species dispersal. All these priorities are highlighted, and targets produced for them, in the England native woodland Habitat Action Plan which Link supports, and to which some Link members have made a direct contribution through the England Woodland Biodiversity Group. Woods are dynamic habitats and therefore must be able to adapt and provide species with the space they need to survive and evolve in the face of change. The protection and restoration of all semi-natural habitats in the landscape must therefore be considered a priority. Ancient woodlands and sites where many ancient woodland characteristics still exist (Planted Ancient Woodland Sites or PAWS) are especially valuable as they represent the last vestiges of habitat which has direct links to pre- human landscapes. In a woodland context this means protecting ancient woodland and restoring all Planted Ancient Woodland Sites (PAWS) as the only way of increasing ancient woodland with semi-natural characteristics, and providing greater ecological coherence to species dependent on this habitat. These priorities, together with woodland creation are necessary in order to deliver on the UK Biodiversity Action Plan. Woodland also makes hugely significant contribution to landscape character, whether a landscape is heavily wooded or very open, and woods prominent or rare punctuation. The role of woodland in the history and cultural heritage of the English countryside is immense and is inseparable from the wildlife that inhabits it and the traditional management practices which have shaped woods over millennia. Often the interrelationship between woodland and open farmland is vital, both in terms of habitat and farming practice. The extent and quality of woodlands is a key element in the annual Countryside Quality Counts measurement of change in landscape character undertaken by the Countryside Agency. Link also recognises that woods play a key role in achieving a more sustainable wider landscape, which in turn allows public access for recreational purposes, thus contributing to the health agenda. This will be particularly significant in the successful establishment of new communities, whether through urban regeneration, urban extensions or entirely new settlements as envisaged for the Growth Areas in the wider South East and elsewhere. The role of extensive tree cover in protecting and managing natural resources will become increasingly significant. To be effective in this role, woodlands not only need to be protected and in some cases planted, but also managed in the long term. Link would like to acknowledge the large strides made by the Forestry Commission in the last decade towards the implementation of an inclusive, multipurpose forestry strategy and hopes that this progress can be built on in the next decade.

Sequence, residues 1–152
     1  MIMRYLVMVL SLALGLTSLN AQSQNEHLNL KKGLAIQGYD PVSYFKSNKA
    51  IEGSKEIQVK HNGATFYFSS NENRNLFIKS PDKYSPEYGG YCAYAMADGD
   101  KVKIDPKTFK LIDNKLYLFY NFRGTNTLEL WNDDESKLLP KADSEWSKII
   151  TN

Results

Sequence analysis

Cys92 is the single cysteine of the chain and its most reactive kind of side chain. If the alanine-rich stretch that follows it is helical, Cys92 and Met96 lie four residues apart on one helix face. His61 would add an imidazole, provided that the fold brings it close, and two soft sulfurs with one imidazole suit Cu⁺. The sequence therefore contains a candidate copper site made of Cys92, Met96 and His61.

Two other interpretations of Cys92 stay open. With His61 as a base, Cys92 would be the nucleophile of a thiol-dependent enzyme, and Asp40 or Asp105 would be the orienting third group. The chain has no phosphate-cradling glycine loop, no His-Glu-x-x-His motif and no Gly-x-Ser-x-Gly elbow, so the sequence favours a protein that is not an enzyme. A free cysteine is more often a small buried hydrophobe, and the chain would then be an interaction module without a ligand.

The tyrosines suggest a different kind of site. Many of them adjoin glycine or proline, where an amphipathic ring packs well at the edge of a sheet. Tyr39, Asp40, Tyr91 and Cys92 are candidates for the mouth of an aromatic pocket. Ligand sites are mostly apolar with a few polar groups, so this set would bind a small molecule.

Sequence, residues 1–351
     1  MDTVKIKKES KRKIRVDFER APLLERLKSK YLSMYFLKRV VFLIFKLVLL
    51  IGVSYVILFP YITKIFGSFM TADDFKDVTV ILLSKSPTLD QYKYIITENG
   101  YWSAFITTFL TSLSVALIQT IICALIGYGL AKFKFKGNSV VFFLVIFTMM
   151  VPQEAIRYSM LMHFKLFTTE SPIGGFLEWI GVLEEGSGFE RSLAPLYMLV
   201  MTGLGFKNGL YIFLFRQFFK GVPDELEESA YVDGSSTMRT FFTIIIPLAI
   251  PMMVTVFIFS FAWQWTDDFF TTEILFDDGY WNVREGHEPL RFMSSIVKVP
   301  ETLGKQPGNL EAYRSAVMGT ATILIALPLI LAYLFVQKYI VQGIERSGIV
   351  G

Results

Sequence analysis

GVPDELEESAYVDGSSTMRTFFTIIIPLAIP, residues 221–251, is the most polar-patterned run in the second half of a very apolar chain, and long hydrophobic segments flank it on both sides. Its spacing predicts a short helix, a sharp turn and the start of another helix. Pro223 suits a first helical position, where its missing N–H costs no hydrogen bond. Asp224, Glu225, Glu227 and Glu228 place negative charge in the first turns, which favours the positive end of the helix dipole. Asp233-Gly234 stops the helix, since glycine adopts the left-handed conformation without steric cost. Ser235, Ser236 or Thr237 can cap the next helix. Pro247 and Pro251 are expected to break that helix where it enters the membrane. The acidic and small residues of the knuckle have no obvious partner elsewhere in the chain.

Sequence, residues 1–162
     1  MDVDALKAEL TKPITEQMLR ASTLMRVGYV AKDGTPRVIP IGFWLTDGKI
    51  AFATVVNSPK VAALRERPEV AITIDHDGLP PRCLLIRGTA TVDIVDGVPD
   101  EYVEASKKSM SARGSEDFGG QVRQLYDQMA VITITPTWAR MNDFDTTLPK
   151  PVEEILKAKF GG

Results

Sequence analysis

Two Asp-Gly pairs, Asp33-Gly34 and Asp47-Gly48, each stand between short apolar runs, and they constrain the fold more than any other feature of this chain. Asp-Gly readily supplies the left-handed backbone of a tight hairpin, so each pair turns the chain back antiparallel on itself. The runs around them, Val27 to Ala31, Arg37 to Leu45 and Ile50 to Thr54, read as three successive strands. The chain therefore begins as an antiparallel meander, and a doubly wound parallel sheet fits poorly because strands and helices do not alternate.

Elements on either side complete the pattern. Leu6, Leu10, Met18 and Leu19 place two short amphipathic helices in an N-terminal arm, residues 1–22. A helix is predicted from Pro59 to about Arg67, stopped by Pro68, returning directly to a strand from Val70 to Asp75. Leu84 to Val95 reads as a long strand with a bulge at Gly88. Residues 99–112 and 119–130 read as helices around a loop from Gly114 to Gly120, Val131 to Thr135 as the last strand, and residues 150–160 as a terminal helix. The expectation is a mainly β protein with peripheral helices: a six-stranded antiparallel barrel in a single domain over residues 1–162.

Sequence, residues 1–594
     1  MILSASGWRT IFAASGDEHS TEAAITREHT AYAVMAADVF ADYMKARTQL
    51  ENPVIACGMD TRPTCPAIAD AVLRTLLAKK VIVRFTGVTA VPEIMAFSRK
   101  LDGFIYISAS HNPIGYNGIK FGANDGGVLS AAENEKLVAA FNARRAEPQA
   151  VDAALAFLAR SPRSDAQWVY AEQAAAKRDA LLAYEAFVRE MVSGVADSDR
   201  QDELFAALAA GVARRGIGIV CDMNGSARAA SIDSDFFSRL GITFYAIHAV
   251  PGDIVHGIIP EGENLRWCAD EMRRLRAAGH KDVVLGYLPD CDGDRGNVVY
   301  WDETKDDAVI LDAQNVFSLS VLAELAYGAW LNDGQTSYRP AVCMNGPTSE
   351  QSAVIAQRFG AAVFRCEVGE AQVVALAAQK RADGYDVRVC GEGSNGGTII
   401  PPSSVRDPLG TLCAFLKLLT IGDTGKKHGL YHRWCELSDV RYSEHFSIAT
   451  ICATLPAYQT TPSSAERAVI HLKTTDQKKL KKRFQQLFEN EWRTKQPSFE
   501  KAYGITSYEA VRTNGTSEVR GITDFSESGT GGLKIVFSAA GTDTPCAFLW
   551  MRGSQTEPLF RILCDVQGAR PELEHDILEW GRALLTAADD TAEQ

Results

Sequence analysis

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    For this reason, Link hopes that the revised England Forestry Strategy (EFS) will retain elements of the original strategy’s purpose or vision for woods and forests, the links to which need to be made clearly. The revised strategy should recognise that much has changed since the publication of the 1998 strategy, for example climate change has become a much more important issue. The role of extensive semi- natural woodland cover in ensuring the resilience of habitats to climatic extremes is increasingly recognised. Wood fuel has become a more economically viable option, and therefore the revised EFS will need to drive enhanced biodiversity work in public and private sector woodland, and ensure that England meets its national, UK, EU and international biodiversity commitments. A strong and positive Government-wide vision for the future of England’s trees, woods and forests is a prerequisite for the revised strategy. Defra must ensure that international commitments on sustainable forestry are properly implemented via the England Forestry Strategy, the Rural Development Programme for England (2007-2013) and management of the National Forest Estate via the Forestry Commission England Corporate Plan. We would also like to note the importance of the UK Forestry Standard in achieving many of the aims of the revised strategy. While Link accepts that a wholesale return to intensive management on biodiversity grounds across England is not economically sustainable, we have concerns about the changing nature of our woods and about the effects this is having on those species dependent on open woodland systems. Link believes that focused and targeted management of woodland will be necessary, where it can be sustained, in certain woods and certain areas where keystone or flagship species exist. This applies to management for open-ground species as well as species requiring mature woodland or dead wood. Appropriate woodland management in combination with targeted expansion and buffering of what remains of the native and ancient woodland resource is essential to creating conditions for the survival of key species, preventing damaging edge effects and providing new area of suitable habitat for the future. Such action will also greatly enhance the distinctiveness of different woodland types, of which there are many (Rackham et al) and their appreciation and enjoyment by the public. The revised strategy also has a significant role to play in meeting other BAP targets by restoring important open ground habitats. These include lowland heathland, and semi-natural grassland that is currently non-native plantation forestry and neighbouring designated non-woodland sites adversely impacted by it. As well as restoring open ground habitats, we believe that the revised strategy must give special priority to the restoration of PAWS currently planted with non-native forestry plantations and the restructuring of key existing forestry plantations for priority species. The EFS has an important role to play in the management of woodland habitats, for example through the delivery of UK Biodiversity Action Plan HAP targets. The revised EFS needs to be backed up by effective delivery mechanisms for key public benefits, in particular biodiversity, archaeology, landscape conservation and access and public health benefits. It is important that the Rural Development Pr